That threat that you list previously is very vague. sure, it's something for someone to look into, but where, who, why, when, how? I also believe that it's hard for an organiztion to have the information to realize what's going on at a specific detailed level...especially if the people at the level below aren't doing their jobs. Hey, did some terrorist enroll in a flight school in florida? yes, they did. therefore, they're going to blow up 2 buildings. oh yeah, have that checked out. is there some chatter going on about blowing up the u.s. again today? yes, there is. therefore, they're going to blow up 2 buildings.

I don't know, i feel like we're saying: "you knew what may happen, why didn't you stop it?". do you actually believe that anyone that knew what would happen wouldn't take the most action they could to stop it?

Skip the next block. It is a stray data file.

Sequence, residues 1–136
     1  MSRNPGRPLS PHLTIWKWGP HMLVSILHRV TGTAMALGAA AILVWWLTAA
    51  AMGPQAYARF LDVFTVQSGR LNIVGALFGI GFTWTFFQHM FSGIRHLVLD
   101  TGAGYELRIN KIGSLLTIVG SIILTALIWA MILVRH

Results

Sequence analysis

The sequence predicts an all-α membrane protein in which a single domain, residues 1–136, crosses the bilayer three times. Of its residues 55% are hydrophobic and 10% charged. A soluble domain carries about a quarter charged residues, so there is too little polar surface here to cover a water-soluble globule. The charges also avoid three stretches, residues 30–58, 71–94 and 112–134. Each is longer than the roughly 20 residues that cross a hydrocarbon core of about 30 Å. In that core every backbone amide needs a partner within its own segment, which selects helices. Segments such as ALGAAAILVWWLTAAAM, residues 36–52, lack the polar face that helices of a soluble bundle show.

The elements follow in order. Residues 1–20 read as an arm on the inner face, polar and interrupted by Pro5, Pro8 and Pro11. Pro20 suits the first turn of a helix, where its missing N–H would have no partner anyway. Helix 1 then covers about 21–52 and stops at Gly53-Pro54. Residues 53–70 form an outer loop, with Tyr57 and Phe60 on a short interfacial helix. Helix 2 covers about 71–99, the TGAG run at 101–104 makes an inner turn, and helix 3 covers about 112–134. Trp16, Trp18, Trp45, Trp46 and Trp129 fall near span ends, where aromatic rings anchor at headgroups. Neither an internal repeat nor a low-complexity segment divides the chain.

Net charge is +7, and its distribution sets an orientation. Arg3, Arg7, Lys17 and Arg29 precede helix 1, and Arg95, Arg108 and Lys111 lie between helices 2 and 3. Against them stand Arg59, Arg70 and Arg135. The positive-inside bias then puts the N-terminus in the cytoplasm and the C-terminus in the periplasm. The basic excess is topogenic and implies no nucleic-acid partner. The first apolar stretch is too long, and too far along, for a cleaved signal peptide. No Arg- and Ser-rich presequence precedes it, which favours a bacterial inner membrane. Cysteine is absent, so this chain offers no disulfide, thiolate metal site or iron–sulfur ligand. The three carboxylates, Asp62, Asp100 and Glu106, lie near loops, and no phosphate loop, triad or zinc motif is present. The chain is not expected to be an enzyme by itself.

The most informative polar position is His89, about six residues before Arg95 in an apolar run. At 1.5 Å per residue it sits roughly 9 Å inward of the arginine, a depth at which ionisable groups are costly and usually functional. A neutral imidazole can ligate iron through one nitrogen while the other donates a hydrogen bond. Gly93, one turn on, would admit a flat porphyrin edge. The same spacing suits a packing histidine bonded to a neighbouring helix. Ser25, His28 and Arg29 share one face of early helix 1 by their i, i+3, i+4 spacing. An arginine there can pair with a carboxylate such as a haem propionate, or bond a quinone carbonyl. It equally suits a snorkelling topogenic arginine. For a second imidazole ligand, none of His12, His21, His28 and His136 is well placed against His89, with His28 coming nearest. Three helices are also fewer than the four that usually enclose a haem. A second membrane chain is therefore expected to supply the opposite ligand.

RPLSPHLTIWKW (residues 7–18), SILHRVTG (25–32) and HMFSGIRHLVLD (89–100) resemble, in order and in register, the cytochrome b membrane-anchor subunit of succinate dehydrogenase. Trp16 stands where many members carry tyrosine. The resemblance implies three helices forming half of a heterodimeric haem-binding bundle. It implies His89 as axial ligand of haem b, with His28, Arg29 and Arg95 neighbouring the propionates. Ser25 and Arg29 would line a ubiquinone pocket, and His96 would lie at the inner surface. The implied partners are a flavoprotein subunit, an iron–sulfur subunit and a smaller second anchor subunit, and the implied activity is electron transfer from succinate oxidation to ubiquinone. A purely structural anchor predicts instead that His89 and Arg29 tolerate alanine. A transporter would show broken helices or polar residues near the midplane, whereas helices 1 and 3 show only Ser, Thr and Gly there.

i don't hold anyone responsible except for the guys that committed the act, and anyone that commanded them to. do you actually think this commission is actually doing any good? and that anyone that is getting questioned really fucked up? i don't.

Why do we get to see these hearings in public, when most of the issues remain "closed-door, highly confidential security issues"? Maybe it's to make the victims families feel better, but i don't expect the FBI/CIA to give me a bunch of information that will make me say: Hey, now i feel better.

April 13 2004

"i guess i missed the sarcasm. probably since i was drunk. but saying "within 3 months of launch" is more detailed info than what they report was given."

You're playing semantic games with me. The previous line says "coming weeks", so I don't think 3 months is a stretch. Change "3 months" to "soon" and the point is the same.

I still think you're missing (or at least not responding to) my original point, however. I am NOT saying that anyone could have stopped 9/11. I am NOT saying that this comission is or isn't about making people feel better or wastefully spending money.